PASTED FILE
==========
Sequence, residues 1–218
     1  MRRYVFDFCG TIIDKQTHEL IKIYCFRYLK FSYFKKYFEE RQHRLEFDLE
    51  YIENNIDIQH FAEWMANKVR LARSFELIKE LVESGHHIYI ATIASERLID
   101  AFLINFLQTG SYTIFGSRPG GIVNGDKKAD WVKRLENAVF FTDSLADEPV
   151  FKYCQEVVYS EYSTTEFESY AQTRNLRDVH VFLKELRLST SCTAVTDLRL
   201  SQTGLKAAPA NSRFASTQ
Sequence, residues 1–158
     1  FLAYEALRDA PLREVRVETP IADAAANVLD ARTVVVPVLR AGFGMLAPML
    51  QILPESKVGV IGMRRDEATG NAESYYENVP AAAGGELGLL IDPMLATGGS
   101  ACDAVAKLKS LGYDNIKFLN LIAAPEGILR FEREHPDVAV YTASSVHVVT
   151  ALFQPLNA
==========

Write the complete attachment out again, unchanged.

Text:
Sequence, residues 1–218
     1  MRRYVFDFCG TIIDKQTHEL IKIYCFRYLK FSYFKKYFEE RQHRLEFDLE
    51  YIENNIDIQH FAEWMANKVR LARSFELIKE LVESGHHIYI ATIASERLID
   101  AFLINFLQTG SYTIFGSRPG GIVNGDKKAD WVKRLENAVF FTDSLADEPV
   151  FKYCQEVVYS EYSTTEFESY AQTRNLRDVH VFLKELRLST SCTAVTDLRL
   201  SQTGLKAAPA NSRFASTQ
Sequence, residues 1–158
     1  FLAYEALRDA PLREVRVETP IADAAANVLD ARTVVVPVLR AGFGMLAPML
    51  QILPESKVGV IGMRRDEATG NAESYYENVP AAAGGELGLL IDPMLATGGS
   101  ACDAVAKLKS LGYDNIKFLN LIAAPEGILR FEREHPDVAV YTASSVHVVT
   151  ALFQPLNA